Best way to integrate special-purpose hardware with LLVM

Dear all,

in a research project, we are developing a special-purpose
floating-point accelerator, together with C++/OpenMP offloading support
with LLVM.

Since our hardware has a limited, special-purpose instruction set, it is
often a challenge for us to decide on how to integrate with LLVM's
general-purpose concepts such as IR and instruction selection. Hence, I
would appreciate a lot if we could get some feedback w.r.t. our current
approach. Let me sketch an example.

Our accelerator has no instruction for loading/writing floating point values from or to memory using a given address. Instead: 1) The data layout of a structured volume of data in memory can be hardware-configured, and then load and store instructions have a special form with offsets around the "center point" in the data volume which is currently processed. 2) We can write values to hardware registers and use them in computations.

Now, let's assume we have C++ code like the following:

float array[5] {1, 2, 3, 4, 5}.

#pragma omp target
   float a = array[0];

In the IR we get, we find fragments like this:

%arrayidx = getelementptr inbounds [5 x float], ..., i32 0
%1 = load float, float* %arrayidx, align 4

If we leave it like this, in the created selection DAG there will be a lot of instructions we do not conceptually have on our hardware, and detecting the necessary changes at instruction selection stage is complex and hard.

Hence, we chose method 2) (use register) from above in this case and do the following:

1) Define a target-specific intrinsic "array_access" which captures
information about the accessed array and the offset.

2) Replace the two instructions (getelementptr, load) from above by a
single "array_access" intrinsic in a special IR pass. This is a kind of "meta-instruction" which is here for conveying necessary information to instruction selection phase.

3) Lower the array_access intrinsic to a pseudo-instruction we also define for our hardware, to get from IR to selection DAG.

4) Replace the pseudo instruction by a hardware register in instruction selection. This creates valid machine code. (At runtime, we configure the register correctly before executing the machine code.)

I would be interested in feedback on several things here:

-Is there an "intended way" of integrating such special-purpose hardware with LLVM?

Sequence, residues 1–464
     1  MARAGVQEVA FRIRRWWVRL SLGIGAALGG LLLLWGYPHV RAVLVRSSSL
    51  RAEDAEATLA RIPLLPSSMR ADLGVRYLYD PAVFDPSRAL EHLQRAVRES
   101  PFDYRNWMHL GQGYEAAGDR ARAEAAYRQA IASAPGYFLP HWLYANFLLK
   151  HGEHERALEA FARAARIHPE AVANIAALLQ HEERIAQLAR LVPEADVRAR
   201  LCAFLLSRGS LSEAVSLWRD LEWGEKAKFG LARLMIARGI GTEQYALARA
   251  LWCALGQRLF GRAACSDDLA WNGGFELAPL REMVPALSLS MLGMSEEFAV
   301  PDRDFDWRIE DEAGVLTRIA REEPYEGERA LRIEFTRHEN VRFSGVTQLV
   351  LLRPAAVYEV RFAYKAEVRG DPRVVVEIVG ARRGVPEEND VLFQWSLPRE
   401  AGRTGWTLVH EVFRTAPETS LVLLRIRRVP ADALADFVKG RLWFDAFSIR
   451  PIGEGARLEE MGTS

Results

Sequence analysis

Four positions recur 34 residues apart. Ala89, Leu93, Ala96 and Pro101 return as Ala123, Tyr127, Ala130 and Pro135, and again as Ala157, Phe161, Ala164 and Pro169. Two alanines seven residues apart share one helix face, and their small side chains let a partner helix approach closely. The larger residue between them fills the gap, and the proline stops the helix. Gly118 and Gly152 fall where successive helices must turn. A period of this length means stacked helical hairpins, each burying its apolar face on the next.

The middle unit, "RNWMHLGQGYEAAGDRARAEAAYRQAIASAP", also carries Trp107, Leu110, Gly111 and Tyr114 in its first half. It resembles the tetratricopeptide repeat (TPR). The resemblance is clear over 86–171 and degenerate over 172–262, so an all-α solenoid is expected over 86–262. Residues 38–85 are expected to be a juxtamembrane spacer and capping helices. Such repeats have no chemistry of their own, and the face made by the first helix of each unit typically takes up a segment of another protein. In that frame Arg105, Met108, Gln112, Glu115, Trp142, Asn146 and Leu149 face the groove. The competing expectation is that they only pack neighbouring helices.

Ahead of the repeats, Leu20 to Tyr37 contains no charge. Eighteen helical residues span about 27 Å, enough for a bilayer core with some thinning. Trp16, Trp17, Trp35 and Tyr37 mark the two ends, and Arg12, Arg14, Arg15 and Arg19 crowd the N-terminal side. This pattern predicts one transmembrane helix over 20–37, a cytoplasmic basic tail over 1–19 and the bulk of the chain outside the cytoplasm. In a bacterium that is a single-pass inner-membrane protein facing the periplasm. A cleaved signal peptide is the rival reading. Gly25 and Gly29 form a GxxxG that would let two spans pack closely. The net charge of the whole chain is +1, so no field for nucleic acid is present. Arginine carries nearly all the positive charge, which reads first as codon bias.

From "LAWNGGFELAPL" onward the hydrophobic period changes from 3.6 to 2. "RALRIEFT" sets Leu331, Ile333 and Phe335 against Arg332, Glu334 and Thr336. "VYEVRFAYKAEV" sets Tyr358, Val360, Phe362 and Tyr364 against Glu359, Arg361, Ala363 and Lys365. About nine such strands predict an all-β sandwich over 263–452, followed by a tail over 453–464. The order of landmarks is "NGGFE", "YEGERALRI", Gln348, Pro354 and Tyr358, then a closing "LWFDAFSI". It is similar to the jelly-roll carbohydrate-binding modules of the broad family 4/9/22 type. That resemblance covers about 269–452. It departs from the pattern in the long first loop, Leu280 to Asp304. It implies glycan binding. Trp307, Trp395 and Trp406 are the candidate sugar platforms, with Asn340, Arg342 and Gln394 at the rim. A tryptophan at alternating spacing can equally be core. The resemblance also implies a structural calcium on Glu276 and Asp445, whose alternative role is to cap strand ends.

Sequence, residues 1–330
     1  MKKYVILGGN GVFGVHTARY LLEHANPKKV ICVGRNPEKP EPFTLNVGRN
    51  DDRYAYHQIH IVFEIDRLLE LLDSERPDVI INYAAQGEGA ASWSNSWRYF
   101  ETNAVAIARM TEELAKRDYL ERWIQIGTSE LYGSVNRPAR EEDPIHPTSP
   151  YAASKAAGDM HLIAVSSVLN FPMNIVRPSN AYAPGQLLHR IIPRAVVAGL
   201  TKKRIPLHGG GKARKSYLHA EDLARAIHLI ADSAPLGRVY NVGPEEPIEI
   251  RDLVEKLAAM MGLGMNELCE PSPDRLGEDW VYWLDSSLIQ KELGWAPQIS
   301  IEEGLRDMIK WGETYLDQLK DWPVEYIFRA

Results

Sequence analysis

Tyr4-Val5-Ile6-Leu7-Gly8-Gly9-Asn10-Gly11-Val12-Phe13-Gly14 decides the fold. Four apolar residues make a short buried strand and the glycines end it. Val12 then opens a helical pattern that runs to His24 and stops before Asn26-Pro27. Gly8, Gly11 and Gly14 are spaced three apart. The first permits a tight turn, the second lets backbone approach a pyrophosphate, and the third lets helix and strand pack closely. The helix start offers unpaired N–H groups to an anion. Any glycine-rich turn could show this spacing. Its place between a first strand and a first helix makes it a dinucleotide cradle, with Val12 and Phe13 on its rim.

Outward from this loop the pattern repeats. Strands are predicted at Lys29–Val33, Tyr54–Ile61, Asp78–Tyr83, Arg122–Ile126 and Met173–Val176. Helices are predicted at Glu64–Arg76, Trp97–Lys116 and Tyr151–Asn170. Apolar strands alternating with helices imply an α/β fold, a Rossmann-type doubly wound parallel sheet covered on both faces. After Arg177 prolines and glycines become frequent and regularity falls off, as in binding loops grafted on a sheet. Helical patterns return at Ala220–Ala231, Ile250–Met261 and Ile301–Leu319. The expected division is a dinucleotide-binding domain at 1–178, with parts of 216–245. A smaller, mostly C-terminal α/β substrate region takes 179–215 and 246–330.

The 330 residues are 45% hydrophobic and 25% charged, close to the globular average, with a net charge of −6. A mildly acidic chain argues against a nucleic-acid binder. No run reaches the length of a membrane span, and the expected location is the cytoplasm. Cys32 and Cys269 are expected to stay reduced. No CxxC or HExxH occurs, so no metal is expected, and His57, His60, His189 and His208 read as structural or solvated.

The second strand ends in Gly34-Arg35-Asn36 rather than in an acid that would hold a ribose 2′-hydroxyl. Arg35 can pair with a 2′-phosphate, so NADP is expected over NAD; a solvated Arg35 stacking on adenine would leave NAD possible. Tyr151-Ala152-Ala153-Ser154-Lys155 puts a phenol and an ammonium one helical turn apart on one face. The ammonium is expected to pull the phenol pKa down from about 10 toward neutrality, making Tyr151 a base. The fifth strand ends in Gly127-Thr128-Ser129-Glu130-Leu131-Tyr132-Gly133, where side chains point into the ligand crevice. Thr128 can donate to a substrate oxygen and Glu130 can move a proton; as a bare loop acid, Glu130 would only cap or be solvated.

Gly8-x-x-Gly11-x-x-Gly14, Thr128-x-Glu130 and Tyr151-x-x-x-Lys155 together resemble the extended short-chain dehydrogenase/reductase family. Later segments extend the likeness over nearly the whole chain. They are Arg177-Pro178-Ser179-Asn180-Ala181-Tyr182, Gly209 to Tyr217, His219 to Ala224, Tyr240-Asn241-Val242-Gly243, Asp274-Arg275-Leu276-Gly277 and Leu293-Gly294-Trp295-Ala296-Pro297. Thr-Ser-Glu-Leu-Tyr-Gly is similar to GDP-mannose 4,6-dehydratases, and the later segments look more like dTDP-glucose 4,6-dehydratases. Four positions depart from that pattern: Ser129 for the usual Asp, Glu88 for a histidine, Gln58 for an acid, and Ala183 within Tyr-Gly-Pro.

-Is it a good idea to introduce an intrinsic for the described purpose, or does this violate some architectural ideas of intrinsics or LLVM in general?

-We do not want to lose any relevant information on the IR or selection DAG. For example, in the original form, general LLVM functionality will be aware of what getelementptr and load means, so data dependencies will not be broken. In our "meta-instruction" (intrinsic) form, there might be a risk of either LLVM passes creating invalid code since they do not know what our meta-instructions mean, or losing the ability to employ optimization functionality present in LLVM due to unknown semantics of our meta-instructions. What would be the right way to handle this?

-How to cope in general with the fact that a target architecture has no instructions for certain concepts such as integer computation, address calculations, "standard" memory accesses, and so on. Are there known projects which had to tackle this?

-When modifying IR or selection DAG as above, how to get the necessary "metadata" from IR to instruction selection or to runtime? (In this case the data on the accessed array and offset or register)

To summarize: What would be the best "architectural approach" to integrate support for such a kind of special-purpose hardware in LLVM? Should we e.g. include "pseudo instructions" in and "pseudo registers" in to be able to integrate with the general-purpose LLVM concepts and in the end treat instructions/registers in a special way? Or can we avoid having to do so earlier?

Any feedback on this would be greatly appreciated.


Kai Plociennik